To improve IT energy efficiency and sustainability, IT leaders are often advised to keep hardware in use for as long as possible. This is because a significant proportion of the hardware’s lifetime carbon footprint is consumed prior to onsite deployment.
Logically, extending the life of hardware reduces its lifetime carbon footprint, but according to Gartner analyst Annette Zimmerman, there are two issues IT leaders need to weigh up. First is the security risk that organisations face if they extend the life of IT equipment. Manufacturers may only provide hotfixes and patches for a certain period of time, after which the hardware is no longer able to run the latest software, making it potentially vulnerable to cyber attacks. The other issue with extending the life of IT equipment is that it may reduce productivity.
There is a huge amount of effort across the IT sector to encourage IT departments to update older equipment, taking advantage of Moore’s Law to provide more computational power along with cheaper and faster storage and networking, which software providers can make use of to develop feature-rich applications. For instance, Microsoft recently unveiled Copilot, which comprises a number of artificial intelligence (AI)-powered enhancements within the Office productivity suite and Power tools built on ChatGPT.
Newer hardware may also be more energy-efficient. A modern graphics processing unit (GPU) uses more electricity than an older model, but it can run AI workloads much quicker, which means the overall energy required to complete a particular task may be significantly lower. However, this has to be offset against the embedded CO2 associated with its manufacturing, shipping and disposal.
Growing focus on sustainability
At this year’s Mobile World Congress in Barcelona, Zimmerman notes that one of the hot topics was sustainability and the circular economy for IT equipment. “When people talk about circularity, the first thought is often just recycling, but it’s so much more than recycling. It’s about reuse, remanufacture and refurbishment,” she says.
HMD Global, which manufactures Nokia phones, was one of the companies whose actions caught her attention at MWC. In collaboration with iFixit, HMD Global has introduced a repair programme. “You can go in as a consumer and say, ‘I would like to extend the lifetime of my device’, and they help you to fix the device yourself. But if you don’t want to do that, you can pay for the repair service, which seems to be at a sensible price.”
Annette Zimmerman, Gartner
This idea of reuse and remanufacture is not limited to consumers. Gartner has begun to see some enterprise IT buyers considering remanufactured hardware.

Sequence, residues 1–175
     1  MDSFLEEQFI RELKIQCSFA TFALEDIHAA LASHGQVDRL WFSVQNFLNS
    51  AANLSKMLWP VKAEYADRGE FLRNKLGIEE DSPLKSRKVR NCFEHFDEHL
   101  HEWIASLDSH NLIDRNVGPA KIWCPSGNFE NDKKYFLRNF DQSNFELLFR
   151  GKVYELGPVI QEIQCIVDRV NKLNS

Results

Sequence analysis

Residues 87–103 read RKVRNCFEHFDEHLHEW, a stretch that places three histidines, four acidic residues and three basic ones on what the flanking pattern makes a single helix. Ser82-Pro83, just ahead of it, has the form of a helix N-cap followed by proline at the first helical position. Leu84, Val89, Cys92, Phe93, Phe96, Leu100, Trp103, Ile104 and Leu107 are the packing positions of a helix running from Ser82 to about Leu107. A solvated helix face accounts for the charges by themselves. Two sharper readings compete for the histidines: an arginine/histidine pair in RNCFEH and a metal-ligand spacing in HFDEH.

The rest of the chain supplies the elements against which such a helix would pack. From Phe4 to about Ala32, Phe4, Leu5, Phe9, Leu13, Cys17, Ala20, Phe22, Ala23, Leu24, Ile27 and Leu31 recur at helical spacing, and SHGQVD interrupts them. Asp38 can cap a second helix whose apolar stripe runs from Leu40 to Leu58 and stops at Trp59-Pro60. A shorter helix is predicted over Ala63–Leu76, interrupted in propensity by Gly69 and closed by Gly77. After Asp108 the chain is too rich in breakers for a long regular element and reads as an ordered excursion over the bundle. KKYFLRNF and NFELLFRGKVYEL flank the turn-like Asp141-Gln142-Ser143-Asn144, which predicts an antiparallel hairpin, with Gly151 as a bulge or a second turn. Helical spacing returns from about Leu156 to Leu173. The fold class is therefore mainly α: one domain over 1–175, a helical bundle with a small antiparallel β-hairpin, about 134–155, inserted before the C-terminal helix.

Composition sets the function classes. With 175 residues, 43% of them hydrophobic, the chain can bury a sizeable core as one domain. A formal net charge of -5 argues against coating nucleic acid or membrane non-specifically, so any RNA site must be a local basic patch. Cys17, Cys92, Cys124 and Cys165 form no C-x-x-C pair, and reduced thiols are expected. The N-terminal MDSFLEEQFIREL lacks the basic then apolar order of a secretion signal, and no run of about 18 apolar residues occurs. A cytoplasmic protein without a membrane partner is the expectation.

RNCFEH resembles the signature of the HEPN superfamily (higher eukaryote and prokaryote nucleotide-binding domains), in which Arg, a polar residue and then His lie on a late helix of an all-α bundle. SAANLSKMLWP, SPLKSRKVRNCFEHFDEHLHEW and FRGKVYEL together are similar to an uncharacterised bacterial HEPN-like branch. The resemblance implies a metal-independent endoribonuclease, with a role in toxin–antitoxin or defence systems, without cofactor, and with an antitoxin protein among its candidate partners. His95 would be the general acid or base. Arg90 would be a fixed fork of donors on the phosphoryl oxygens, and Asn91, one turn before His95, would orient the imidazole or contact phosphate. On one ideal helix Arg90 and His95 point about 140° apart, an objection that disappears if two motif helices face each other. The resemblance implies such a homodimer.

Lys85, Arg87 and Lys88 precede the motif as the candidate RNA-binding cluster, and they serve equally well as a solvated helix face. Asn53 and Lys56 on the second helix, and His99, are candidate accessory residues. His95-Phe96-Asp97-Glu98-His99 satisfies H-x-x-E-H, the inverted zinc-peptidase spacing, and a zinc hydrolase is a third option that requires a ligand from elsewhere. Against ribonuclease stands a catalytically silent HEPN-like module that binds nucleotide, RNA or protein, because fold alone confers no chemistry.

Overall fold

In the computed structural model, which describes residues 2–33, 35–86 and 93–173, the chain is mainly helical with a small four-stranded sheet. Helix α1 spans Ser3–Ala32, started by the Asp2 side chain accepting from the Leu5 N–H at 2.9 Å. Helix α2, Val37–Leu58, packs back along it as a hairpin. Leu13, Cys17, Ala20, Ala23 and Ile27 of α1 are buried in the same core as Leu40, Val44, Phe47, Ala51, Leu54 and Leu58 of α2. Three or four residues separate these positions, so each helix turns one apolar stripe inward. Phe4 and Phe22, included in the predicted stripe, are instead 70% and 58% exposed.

Last year, for example, Royal Mint signed a contract with Circular Computing for remanufactured laptop PCs. Circular Computing’s circular remanufacturing process produces what the company describes as “second-life laptops”, which meet a new BSI Kitemark scheme that certifies devices as equal to, or better than, new devices.
The BSI’s remanufactured and reconditioned Kitemark scheme aims to verify the processes used for the remanufacture of products to show clients that best practice has been followed. The BSI Kitemark covers the process of returning a used product to at least to its original performance, with a warranty that is equivalent to, or better than, that of a newly manufactured product.
Following a successful trial, the agreed partnership will see the Royal Mint use Circular Computing’s carbon-neutral, remanufactured Lenovo ThinkPad T480 units, designed to meet the coin maker’s specific IT needs while allowing for a flexible procurement approach.
While this shows what is possible, Shane Herath and José Gámez-Cersosimo of the Eco-Friendly Web Alliance argue that IT procurement needs to adapt to support the circular economy. “Organisations should also look to revamp their procurement processes to align with the principles of the circular economy, as the linear economic model of IT consumption and usage is not sustainable. The existing approach to IT procurement must change to reduce the impact that our current throw-away culture is having on the environment,” they wrote in a blog post.
Herath and Gámez-Cersosimo recommend that current IT procurement processes should be shaped by circular economy principles, promoting durability of infrastructure and devices, with emphasis on reusing, remanufacturing and recycling to keep IT resources, components and materials circulating in the economy. In the blog, they urge the IT sector to embrace “right to repair” and explore ways to end the planned obsolescence of technological devices and extend their lifecycle.